Monday, May 9, 2011

"He doesn't seem autistic to me"

"He doesn't seem autistic to me" is one of those common phrases heard by parents of ASD children that can provoke all sorts of emotions. My fellow moms have expressed their anger, frustration, and sadness when an ignorant person makes a remark like this.

Today I heard this from the woman who runs Wylie's school- a wonderful BCBA who knows Wylie personally and often remarks how much he reminds her of her little toe-headed toddler who can also be spotted running around the building along with the other kids. She works closely with his team, monitors his progress, and has always been proactive when it comes to his behavioral treatment plan. When she said this to me, I was mostly perplexed.

I think she's wrong, by the way. And I argued with her. I’m not even that puzzled that a professional might say something like that about my son, but. I find it strange. I find it strange because there are other MUCH more high functioning children attending her school than Wylie. I think I have to pull the other parents aside and figure out if she’s ever said such a thing to them, as well. HAHA! The conversation I had with her went something like this:

“What specifically do you think is missing from his characteristics to warrant an ASD diagnosis??”

“Well. I just wouldn’t call his problems ‘pervasive’ in the strictest sense. I think he has more of a language disorder than anything else. Socially he’s reserved, but not exactly withdrawn. He’s laid back. Aloof. Most of the kids I see are either withdrawn, overwhelmed to the point of not being able to interact, or socially anxious. That does not describe Wylie. He just isn’t really motivated to be social.”

“Hmm. It’s a spectrum disorder, right? It could manifest differently with different kids, right?”

“Yes… but he just is getting everything academically. Everything we ask him to do, he does. He understands everything.”
“Hmm. He’s 2 and he doesn’t really get 2 step commands. It took us a while to get 1 step commands.”
“Language issue.  Sensory processing issue, maybe.” (For the record, she has basically conceded that he has social, language, and communication dysfunctions at this point… now she’s bringing up sensory processing. Sounds… a lot… like autism… to me…)
This woman and my developmental pediatrician are, like, totally into each other, too. And my developmental pediatrician is always seeing Wylie in the WORST light, and seems to always bum me out using a pretty grim deficit model to describe him. Heh. They take each other’s opinions very seriously, and yet they are at opposite opinions of Wylie.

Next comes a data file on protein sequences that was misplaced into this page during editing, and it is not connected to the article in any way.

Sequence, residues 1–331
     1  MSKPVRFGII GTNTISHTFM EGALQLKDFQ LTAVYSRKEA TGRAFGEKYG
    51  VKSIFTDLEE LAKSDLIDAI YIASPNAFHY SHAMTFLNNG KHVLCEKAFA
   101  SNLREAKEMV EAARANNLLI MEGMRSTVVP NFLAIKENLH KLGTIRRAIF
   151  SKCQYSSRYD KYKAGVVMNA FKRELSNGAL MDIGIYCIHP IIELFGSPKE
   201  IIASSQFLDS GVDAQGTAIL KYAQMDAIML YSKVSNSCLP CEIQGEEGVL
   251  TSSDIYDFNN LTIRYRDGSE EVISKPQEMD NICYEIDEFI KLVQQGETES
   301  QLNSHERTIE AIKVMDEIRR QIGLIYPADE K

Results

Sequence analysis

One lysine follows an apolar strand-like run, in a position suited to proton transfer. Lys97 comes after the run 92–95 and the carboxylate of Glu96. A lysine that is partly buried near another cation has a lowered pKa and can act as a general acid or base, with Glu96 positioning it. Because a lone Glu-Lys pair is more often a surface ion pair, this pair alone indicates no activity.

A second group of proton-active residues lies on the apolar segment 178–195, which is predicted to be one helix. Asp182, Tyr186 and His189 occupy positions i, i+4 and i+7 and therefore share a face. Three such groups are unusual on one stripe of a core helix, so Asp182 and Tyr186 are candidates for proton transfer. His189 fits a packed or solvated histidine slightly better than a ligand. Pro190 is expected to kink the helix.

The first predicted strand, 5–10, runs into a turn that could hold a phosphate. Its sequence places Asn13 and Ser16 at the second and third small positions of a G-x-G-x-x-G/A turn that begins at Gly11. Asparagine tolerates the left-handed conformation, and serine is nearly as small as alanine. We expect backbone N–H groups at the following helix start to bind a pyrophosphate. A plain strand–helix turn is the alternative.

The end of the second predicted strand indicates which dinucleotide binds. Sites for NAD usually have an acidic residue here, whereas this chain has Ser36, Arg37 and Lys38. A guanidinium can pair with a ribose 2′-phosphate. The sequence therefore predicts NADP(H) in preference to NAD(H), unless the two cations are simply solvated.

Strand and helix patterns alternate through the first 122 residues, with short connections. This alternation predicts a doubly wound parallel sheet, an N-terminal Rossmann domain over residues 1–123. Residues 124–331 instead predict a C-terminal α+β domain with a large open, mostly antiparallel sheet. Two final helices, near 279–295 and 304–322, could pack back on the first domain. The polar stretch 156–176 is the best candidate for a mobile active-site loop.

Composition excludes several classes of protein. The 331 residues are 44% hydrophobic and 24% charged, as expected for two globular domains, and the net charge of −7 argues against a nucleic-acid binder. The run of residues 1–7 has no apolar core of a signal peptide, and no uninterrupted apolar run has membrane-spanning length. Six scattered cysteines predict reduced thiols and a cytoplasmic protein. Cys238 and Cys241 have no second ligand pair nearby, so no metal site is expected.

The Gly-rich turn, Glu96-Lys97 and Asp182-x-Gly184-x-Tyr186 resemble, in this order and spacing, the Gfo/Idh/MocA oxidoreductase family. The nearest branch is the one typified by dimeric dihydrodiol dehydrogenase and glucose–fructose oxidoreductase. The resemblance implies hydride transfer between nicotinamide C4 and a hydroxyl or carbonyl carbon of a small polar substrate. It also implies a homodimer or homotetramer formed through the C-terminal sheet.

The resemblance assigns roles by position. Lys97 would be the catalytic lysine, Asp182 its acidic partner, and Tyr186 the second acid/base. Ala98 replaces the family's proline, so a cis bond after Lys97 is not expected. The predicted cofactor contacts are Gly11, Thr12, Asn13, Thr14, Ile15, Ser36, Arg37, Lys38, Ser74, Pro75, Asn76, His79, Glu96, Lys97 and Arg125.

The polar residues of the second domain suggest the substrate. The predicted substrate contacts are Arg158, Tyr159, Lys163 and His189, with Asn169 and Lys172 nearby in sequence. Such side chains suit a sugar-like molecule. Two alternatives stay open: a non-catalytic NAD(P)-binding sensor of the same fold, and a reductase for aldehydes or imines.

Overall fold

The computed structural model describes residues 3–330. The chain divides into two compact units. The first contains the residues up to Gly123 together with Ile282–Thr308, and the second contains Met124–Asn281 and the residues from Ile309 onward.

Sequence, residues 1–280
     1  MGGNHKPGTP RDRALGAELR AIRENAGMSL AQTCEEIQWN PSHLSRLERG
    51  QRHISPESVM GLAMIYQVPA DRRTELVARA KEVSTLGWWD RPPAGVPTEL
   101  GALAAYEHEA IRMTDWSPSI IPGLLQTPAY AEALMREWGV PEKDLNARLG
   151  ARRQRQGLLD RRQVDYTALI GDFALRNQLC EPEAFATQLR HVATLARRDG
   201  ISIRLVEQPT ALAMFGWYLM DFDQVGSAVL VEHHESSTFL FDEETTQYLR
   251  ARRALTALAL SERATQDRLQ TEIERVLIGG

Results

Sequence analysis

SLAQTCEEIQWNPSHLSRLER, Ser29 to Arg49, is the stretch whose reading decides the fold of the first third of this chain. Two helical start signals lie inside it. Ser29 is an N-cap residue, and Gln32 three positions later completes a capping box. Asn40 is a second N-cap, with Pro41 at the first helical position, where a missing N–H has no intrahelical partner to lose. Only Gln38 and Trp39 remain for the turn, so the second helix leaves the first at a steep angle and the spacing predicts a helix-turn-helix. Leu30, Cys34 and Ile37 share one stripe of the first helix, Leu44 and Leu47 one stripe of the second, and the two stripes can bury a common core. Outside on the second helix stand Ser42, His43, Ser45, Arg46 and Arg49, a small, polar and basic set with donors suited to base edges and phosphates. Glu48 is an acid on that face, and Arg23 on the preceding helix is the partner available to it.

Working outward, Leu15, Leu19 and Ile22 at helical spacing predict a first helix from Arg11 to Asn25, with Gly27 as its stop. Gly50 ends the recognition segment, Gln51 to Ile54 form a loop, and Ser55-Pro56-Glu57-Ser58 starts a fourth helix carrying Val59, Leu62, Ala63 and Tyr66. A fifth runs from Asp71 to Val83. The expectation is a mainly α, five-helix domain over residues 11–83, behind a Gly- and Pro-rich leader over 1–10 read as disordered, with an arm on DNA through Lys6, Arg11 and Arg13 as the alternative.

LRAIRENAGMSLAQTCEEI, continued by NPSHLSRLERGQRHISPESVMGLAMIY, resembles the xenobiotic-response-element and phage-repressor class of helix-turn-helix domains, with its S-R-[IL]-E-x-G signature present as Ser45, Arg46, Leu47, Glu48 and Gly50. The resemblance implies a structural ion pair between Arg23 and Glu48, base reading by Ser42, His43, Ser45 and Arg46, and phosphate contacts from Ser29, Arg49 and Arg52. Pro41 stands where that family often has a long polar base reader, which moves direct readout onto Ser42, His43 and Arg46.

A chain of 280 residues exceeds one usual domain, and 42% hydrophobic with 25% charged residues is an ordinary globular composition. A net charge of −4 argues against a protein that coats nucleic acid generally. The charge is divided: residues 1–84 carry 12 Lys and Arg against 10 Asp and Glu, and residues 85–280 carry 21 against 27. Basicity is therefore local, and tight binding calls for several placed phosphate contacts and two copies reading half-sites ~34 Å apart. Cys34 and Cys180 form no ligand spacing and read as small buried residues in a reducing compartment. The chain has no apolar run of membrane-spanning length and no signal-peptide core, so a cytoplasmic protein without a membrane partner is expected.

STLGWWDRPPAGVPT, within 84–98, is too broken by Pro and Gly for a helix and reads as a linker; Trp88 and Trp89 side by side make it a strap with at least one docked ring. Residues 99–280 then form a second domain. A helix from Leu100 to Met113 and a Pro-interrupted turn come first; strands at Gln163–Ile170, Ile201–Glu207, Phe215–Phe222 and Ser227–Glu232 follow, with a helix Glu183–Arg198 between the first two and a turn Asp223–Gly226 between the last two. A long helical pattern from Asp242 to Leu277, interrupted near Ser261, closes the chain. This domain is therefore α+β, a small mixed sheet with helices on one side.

I’m just confused. It is really interesting how two different people looking at the same child from different perspectives can come up with completely different conclusions about him. I don’t find the BCBA ignorant or dense or less than diligent when it comes to her research or her ABA treatment. She has actually persuaded me several times when I challenged her course of action (most recently she has been suggesting replacing some of his one on one DTT (discrete trial training) hours with social groups and I originally opposed). It IS true that the people here seem to be more on the severe end of the spectrum. I don’t exactly see a lot of aspies at his school. Wylie is obviously intelligent, and even Mr. Pessimistic Developmental Ped has used the word “gifted” to describe him. He has no splinter skills and does not appear to be “profoundly gifted” or a “genius,” but he’s bright.
“I really think he needs to be in regular pre-school. I would even suggest not telling them about the diagnosis. I think he will easily get the academics of it. We are teaching him how to learn from his peers. The concern I have with Wylie is that he just seems like he could really care less about social interaction, and some pre-schools aren’t going to push that interaction. He doesn’t really have any serious behavior problems. We could go interview some schools together, tell them he’s shy, and see if they can pair him up with maybe a bossy older kid with an assertive personality to lead him around.”